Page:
In Support Of Bankruptcy Bill
...economic theory would predict that the primary effect of the introduction of credit cars would be to shift around patterns of consumer credit use, by substituting credit card debt for other less-attractive forms of credit, such as pawn shops, personal finance companies, and retail store credit (such as from appliance and furniture stores). In fact, this is what the evidence indicates has actually happened.and here:
This article identifies three institutional factors that can explain the observed rise in bankruptcy filings over the past several decades: (1) A change in the relative economic costs and benefits associated with filing bankruptcy; (2) A change in social norms regarding bankruptcy; and (3) Changes in the nature of consumer credit, toward more national and impersonal forms of consumer credit. It is argued that all of these factors tend to increase the incentives for filing bankruptcy or reduce the constraints imposed on filing bankruptcy. The result has been to increase the equilibrium level of bankruptcy filings in America.Read them yourself.
Although these posts get into detailed economic theory I find myself very unimpressed. Medical emergencies are never mentioned, yet half of all bankruptcy cases involve unexpected medical bills and/or loss of work time due to medical emergencies. I don't see how the subject can even be addressed without at least considering this. Also, it never points out the theoretical reason credit card interest is so high is because the credit is non-secured and easily defaulted. That is the risk credit card companies make and they charge for that risk.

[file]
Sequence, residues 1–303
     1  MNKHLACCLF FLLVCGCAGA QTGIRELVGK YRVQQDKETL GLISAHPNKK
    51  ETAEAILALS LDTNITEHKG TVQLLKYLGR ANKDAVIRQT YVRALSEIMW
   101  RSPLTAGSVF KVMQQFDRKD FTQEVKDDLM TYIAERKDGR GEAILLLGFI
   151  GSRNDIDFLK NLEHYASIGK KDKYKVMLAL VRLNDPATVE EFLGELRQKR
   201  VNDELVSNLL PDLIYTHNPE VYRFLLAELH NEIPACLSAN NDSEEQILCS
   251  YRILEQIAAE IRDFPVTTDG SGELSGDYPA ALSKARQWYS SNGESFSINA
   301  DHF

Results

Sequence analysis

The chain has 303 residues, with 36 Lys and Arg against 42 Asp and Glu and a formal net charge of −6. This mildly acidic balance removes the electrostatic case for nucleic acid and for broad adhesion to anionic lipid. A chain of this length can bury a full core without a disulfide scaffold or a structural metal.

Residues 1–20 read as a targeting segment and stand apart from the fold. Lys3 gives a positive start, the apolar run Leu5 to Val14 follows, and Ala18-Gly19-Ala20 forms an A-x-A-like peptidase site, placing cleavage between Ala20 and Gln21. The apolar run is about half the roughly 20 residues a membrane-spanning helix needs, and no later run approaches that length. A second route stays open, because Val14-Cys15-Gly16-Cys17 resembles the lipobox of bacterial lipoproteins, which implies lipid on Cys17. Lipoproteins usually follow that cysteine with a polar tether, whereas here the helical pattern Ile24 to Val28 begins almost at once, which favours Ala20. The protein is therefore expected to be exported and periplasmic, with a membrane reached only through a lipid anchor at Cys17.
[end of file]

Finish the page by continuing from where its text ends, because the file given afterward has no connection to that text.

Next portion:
The only argument I found compelling was the fact most people who declare bankruptcy pile up the credit card debt just before declaring, leading one to believe the person clearly knows they are about to default and might as well get what freebies they can. I agree that is bad. However, the question is whether the credit card companies have the information available to recognize this situation and cancel the credit accordingly. I suspect they could do this quite easily as long as they were willing to lose some profits when accidentally overreacting. Again, that is the risk credit card companies make -- it is their choice.
UPDATE: One more thing: they imply that the increase in bankruptcy cases is a bad thing, but never even try to back up that claim. At the personal level this is obvious, but these guys are talking economic theory. Is it economically bad for the country that bankruptcy cases are increasing? I don't know. In fact, I actually doubt it is bad in any macro-economic sense. Regardless, they need to make that case, not just assume it.